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East Lancashire councils pay less for care
COUNCILS are paying less than the industry recommended minimum for personal home care, new figures reveal.
Freedom of Information Act requests reveal both Blackburn with Darwen Council and Lancashire County Council come under the recommended hourly rate.
The UK Homecare Association, which represents providers, said £15.19 an hour was needed to cover minimum wage pay, training and travel.
However, Blackburn with Darwen pays £11.04, while Lancashire pays £11.98.
Home care services are paid for by councils to help the elderly and younger disabled adults in their own homes if they qualify through a means-tested assessment.
Colin Angel, of the UK Homecare Association, said fees being paid were too low and added: “Many councils exploit their dominant purchasing power in local markets to reduce prices. We’re strongly recommending people use the UKHCA model to work through with providers alongside looking at all local conditions that would then determine what is a reasonable price for care.”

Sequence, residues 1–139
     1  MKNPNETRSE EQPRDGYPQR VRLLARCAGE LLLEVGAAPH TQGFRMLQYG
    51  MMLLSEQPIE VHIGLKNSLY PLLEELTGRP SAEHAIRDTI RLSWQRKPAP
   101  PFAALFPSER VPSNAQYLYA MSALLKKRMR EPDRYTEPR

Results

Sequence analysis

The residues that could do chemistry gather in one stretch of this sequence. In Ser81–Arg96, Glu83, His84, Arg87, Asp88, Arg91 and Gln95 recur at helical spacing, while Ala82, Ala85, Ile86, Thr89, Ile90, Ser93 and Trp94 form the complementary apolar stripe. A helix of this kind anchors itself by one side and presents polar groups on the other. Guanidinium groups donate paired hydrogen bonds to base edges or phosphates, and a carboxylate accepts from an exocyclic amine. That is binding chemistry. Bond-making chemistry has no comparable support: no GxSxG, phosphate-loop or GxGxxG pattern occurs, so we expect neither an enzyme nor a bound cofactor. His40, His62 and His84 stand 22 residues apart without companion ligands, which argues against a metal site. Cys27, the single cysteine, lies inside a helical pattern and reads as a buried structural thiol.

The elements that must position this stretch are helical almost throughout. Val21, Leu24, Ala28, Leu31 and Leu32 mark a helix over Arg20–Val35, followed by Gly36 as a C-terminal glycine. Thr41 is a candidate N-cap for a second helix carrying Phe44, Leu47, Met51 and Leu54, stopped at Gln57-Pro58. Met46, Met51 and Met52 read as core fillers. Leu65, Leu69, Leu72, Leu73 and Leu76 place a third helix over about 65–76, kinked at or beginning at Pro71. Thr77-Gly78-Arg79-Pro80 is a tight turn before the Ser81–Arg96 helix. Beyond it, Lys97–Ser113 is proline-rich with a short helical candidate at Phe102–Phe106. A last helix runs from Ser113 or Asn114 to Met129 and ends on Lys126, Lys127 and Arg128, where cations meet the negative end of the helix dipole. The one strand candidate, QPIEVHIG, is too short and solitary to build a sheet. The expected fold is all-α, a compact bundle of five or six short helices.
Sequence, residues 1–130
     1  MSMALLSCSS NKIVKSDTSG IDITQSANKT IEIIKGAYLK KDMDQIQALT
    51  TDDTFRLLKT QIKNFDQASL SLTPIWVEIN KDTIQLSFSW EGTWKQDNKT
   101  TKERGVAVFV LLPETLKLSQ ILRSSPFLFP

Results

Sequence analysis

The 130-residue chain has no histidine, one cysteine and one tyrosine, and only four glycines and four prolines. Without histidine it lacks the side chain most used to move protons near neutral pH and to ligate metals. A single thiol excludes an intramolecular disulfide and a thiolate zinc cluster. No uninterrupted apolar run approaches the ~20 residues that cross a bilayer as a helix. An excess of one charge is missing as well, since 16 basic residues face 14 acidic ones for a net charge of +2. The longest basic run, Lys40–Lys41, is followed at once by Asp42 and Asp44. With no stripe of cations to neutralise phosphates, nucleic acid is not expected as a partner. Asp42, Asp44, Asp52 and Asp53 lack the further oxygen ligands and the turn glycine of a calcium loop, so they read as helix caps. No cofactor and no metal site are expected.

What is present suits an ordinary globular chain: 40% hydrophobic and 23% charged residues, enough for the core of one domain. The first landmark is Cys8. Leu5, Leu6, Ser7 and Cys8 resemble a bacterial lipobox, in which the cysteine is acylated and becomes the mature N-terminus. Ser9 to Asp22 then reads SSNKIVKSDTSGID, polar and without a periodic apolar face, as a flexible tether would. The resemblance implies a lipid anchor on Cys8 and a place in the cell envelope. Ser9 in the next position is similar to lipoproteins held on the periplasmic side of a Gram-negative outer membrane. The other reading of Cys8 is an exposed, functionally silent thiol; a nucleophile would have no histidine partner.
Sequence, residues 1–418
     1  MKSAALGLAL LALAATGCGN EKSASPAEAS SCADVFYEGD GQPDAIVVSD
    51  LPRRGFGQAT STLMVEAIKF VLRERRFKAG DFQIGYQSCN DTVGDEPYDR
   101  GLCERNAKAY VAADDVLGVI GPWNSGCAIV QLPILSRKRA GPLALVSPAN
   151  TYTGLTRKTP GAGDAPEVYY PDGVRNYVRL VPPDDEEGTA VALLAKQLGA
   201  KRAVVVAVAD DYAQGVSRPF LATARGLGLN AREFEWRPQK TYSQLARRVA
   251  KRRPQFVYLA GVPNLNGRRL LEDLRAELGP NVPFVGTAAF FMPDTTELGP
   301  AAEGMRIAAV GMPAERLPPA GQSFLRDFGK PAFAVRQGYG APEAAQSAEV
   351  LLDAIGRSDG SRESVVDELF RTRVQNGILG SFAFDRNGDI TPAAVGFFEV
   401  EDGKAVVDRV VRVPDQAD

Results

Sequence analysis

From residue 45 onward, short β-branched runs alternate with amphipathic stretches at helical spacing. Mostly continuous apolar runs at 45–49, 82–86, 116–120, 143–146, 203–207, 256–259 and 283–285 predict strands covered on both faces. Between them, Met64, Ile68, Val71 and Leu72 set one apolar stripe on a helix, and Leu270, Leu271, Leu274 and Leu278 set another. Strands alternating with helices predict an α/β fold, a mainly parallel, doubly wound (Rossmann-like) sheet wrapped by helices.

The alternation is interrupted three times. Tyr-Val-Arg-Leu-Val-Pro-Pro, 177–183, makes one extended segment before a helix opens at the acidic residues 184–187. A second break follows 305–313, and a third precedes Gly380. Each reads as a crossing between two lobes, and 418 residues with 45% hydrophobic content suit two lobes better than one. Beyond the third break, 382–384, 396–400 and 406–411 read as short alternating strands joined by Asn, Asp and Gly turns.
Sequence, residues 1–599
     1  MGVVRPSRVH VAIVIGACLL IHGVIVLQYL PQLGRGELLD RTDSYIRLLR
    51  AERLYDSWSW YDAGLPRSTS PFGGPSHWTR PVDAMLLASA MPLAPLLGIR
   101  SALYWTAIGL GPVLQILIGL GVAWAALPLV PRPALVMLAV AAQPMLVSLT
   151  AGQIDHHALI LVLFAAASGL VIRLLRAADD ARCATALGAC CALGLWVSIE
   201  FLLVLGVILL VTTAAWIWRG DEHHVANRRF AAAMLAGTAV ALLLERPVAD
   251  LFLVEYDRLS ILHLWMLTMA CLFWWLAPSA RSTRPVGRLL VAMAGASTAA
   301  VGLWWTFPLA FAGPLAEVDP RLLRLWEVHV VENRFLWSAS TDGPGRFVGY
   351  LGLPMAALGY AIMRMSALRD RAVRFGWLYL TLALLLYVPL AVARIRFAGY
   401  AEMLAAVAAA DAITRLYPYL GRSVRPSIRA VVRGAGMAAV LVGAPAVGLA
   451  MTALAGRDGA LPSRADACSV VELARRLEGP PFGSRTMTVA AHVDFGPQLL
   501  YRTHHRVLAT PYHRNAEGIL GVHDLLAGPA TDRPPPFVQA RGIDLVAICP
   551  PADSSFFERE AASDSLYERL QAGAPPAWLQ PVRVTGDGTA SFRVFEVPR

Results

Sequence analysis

Director of commissioning and adults for Blackburn with Darwen Council, Steve Tingle said: “The sum the council pays to preferred providers for social care per hour is based on consultation with providers.
“A broad range of factors are included in these discussions to ensure care quality and business sustainability. Our responsibility continues to be the wellbeing and safeguarding of vulnerable residents and, as such, we do review all cases according to changing needs.”
Lancashire County Council said its average rate was £11.98, but the lowest paid was £8.98.
County Councillor Tony Martin, cabinet member for adult and community services, said: “The £8.98 hourly rate is paid in fewer than a dozen cases out of more than 5,000 people. This is an anomaly dating back several years and we are correcting it to the proper rate.
“We are currently working with homecare providers to set up new contracts across the county by September.
“The new contracts will help to set clearer and more consistent standards, reducing travelling times and allowing providers to move towards paying a living wage.”
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